Carrie McClung, Jon Abernathy, Bruce Word and Rodney County received certificates and pins Tuesday to mark their success at becoming the first Etowah County Sheriff’s Office deputies to earn Correctional Behavioral Health Certification from the American Correctional Association.

The certification is offered for correctional officers, community corrections officers and allied behavioral health staff, according to ACA’s website. It is available for those “who, because of their education, credentials and experience, are associated with the provision of behavioral health services for mentally ill offenders. A minimum of 40 hours of behavioral- and mental health-related training is required for the examination.”

As CBHCs, the deputies will need to continue their education and be recertified every three years.

Chief Deputy of Detention Scott Hassell said the four are among the first in the state to earn certification. He referenced the Substance Abuse Program started in 2004, a groundbreaking approach to addressing and treating drug use and abuse in relation to crime and the penal system.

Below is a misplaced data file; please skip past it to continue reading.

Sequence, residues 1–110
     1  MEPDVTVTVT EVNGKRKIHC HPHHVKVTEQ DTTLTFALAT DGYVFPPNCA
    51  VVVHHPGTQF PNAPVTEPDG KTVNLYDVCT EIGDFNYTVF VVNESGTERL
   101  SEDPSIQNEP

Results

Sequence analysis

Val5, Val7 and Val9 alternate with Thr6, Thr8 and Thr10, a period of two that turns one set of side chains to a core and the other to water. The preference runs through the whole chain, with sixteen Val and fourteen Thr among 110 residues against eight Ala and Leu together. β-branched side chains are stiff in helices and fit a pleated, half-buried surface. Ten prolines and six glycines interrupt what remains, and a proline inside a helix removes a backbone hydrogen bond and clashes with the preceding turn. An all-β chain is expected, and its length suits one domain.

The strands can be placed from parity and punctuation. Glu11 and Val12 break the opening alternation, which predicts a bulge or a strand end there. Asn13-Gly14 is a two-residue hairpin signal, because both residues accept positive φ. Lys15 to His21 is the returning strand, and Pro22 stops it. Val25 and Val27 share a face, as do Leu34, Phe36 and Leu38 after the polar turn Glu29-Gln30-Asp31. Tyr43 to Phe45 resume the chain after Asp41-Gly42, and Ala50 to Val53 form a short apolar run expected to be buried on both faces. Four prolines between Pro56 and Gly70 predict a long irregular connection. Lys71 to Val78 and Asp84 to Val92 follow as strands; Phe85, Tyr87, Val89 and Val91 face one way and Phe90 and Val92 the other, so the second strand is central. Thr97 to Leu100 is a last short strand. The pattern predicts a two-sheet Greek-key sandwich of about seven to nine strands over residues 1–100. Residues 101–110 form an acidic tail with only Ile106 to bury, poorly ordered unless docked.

Hassell said the SAP program was not given much of a chance in the beginning by others in the corrections field. Now, it is a model for many facilities.

In much the same way, detention officers are increasingly dealing with mental health issues among inmates because of lack of resources elsewhere in state agencies.

“We are running a mental health center over there,” Sheriff Todd Entrekin said, gesturing to the detention center. “I just want to thank these individuals for their dedication and commitment.”

Representatives from Cherokee-Etowah-DeKalb Mental Health made a presentation to the Etowah County Commission during its Tuesday work session. Commissioner Jeff Overstreet acknowledged the representatives as he lauded the deputies.

“I never imagined that CED would be a full-blown partner with the Etowah County Commission because of what’s going on across the street,” Overstreet said. “We are thankful to have you.”